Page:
Las Noches de Ronda breathed new life into the Santa Barbara Courthouse on Thursday night as lawn-chair-toting locals and visitors filled the Sunken Garden to witness a traditional Spanish-style show teaming with dancing and music.
Old Spanish Days continued from the green expanse of the Sunken Garden with a series of 32 performances, including mariachi, virtually every form of flamenco dancing, and an appearance from the Spirit of Fiesta herself.
Noches de Ronda runs through Saturday, and will feature a unique set of performances each night.
Angela Adams, the instructor for the Lompoc flamenco dance group Boscutti Ballet Theatre, said preparation is the most challenging aspect of performing in front of large crowds.
Between last-minute stage fright, hot lights and all that cardio from hopping around stage, supply kits tend to come in handy, she noted.
“We always make sure to bring salty snacks, Gatorade and Neosporin. It gets easier as once you learn the tricks of the trade” she said with a laugh. “The longer your in the lights, the more that nutrition comes in to play.”
One of the more nervous members of her group was Athena Montoya, 16. Though she's been practicing flamenco for 10 years, she says she's learned to cope with the fright by just winging it as she she needs to.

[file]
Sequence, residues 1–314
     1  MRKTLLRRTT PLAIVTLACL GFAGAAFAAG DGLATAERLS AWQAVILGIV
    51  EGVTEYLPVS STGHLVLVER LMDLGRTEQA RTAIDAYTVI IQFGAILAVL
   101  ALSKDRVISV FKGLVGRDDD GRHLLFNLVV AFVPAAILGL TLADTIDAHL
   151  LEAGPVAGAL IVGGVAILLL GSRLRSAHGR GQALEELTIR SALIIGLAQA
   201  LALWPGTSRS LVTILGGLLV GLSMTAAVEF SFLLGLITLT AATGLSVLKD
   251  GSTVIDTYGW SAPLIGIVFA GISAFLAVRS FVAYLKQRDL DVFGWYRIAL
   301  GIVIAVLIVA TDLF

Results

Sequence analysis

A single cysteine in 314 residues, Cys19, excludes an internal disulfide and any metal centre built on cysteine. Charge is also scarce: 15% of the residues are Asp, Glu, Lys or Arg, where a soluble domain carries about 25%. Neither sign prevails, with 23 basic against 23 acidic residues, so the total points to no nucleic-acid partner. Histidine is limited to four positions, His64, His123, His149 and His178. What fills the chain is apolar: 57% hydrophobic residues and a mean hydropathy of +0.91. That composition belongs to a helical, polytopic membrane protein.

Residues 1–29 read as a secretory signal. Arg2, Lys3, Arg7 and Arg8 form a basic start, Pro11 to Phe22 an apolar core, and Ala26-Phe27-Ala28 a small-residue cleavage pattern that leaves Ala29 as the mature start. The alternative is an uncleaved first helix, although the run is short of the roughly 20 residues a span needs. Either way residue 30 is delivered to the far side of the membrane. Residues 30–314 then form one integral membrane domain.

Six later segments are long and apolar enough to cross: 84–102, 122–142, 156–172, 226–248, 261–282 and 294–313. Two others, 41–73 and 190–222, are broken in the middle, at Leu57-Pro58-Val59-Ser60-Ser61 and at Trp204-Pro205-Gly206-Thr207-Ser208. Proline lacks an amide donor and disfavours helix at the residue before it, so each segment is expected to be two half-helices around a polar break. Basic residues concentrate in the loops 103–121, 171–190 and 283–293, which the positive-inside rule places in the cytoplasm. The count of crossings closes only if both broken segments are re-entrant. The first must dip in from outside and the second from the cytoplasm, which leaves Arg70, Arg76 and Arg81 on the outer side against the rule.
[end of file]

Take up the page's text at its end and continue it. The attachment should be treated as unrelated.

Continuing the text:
“Sometimes I black out for like, 20 seconds, and I just keep doing whatever looks convincing,” she said. “No one can ever tell.”
As the sun the sun started to set, cheers of “Viva La Fiesta” rang out from members of the crowd as this year's Sprit of Fiesta, Talia Ortega Vestal, took the stage.
Friar Larry Gosselin emerged shortly after to perform a prayer, asking each member of the crowd to the clasp hands with the person nearest them; stranger or no.
Gosselin, who was visibly touched by the crowd's compliance, said he hoped each visitor would gain a spirit of unity from the fiesta.
“The sense of style and perseverance that the dancers bring to the stage is really something to see,” he said. “Hopefully that spirit will rub off on the crowds.”
Also present was last year's Spirit of Fiesta, Corrie Jimenez, 19, who performed a form of flamenco dancing called Tientos. Jimenez described Tientos as a more serious form of the dance, saying its all about transferring emotions.
“We are putting it all out there in three minutes, and we try to make every moment count,” she said. “We want to display our emotions to the audience so they experience the same joy and excitement we do, and can feel the same way we do.”
Las Noches de Ronda, Spanish for “Nights of Gaiety,” continues Friday and Saturday at 8 p.m. and will feature acts including the Montecito School of Ballet, Dance Fever and the Linda Vega Dance Studio. The courthouse is located at 1100 Anacapa St. in Santa Barbara.